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This Property Should Be Condemned

July 3rd, 2013

Gore Verbinski’s The Lone Ranger opens today at a theater too close to you. The reviews are as scorching as a summer’s day in Monument Valley. And I am going to take a cheap shot and smugly suggest that spending 250 215 250 million dollars* to fully realize the exotic world and complex backstory of a cowboy with a mask may have been a poor decision.

Why does this film even exist? Who, in 2013, was clamoring for the return of the Lone Ranger? Hey, I watched reruns of Clayton Moore and Jay Silverheels as the Ranger and Tonto as a kid. And I’m pretty sure that I enjoyed them.** But–and this is worth emphasizing–I am old.***

Some poor marketing executive has probably spent the past year trying to figure out how to make “Hi-yo, Silver!” a thing with Kids Today, and I place the blame for that on our general unwillingness to let old “Intellectual Properties” ride off into the sunset. I attribute this to a combination of nostalgia, the desperate search for exploitable pop-culture franchises, and the realization by the estates of long-dead creators that their cash cows are down to their last teats.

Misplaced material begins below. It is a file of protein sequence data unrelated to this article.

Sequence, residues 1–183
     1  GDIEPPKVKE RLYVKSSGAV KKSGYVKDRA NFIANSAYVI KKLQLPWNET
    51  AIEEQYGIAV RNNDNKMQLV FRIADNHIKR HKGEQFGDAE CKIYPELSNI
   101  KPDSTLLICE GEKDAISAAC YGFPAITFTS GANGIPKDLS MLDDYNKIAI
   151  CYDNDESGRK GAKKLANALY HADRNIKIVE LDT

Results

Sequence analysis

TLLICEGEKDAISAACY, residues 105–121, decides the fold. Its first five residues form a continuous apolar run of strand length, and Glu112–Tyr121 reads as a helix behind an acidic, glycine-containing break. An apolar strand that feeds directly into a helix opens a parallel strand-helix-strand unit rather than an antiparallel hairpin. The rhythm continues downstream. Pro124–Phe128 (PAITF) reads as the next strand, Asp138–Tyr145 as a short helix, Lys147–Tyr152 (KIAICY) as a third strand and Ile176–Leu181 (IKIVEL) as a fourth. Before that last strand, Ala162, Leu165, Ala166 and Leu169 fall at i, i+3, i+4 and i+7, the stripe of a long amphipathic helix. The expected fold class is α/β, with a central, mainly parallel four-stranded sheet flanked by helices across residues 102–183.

I say this as someone who enjoyed John Carter and adored Speed Racer, but maybe, just maybe, it’s okay to let some old IP die. Not everything stands the test of time, or deserves to.

Some characters are simply outdated. Some concepts have been supplanted by more sophisticated treatments. And some ideas probably weren’t so hot in the first place.

We’re not as in love with the mythology of the Old West as we were when the Ranger first rode the plains in a cloud of dust. And our racial sensitivities have evolved enough**** that we have to perform conceptual backflips to make the stereotype of a faithful Indian sidekick palatable.

I’m not saying that we have to consign Silver to the dog-food factory. These are cultural artifacts, worthy of our study and our love. But perhaps we don’t need to reboot them for modern audiences. Perhaps we shouldn’t spend a quarter-billion dollars trying to convince ourselves that we still deeply care about The Lone Ranger.

*Disney cut the initial budget to a slightly more manageable $215 million, but the runaway production eventually cost as much as the original estimate…and that’s after they dropped the werewolves. Yes, “werewolves.”

**There wasn’t much on TV back then, so regular watching of a show was not necessarily an endorsement of same.

***Okay, I’m nearly 49, so I’m not the Highlander. Still, I’m old enough to have seen The Brady Bunch in its network run. I get to play the “you young whippersnappers” card.

****Well, not nearly enough, but enough for this, at least.

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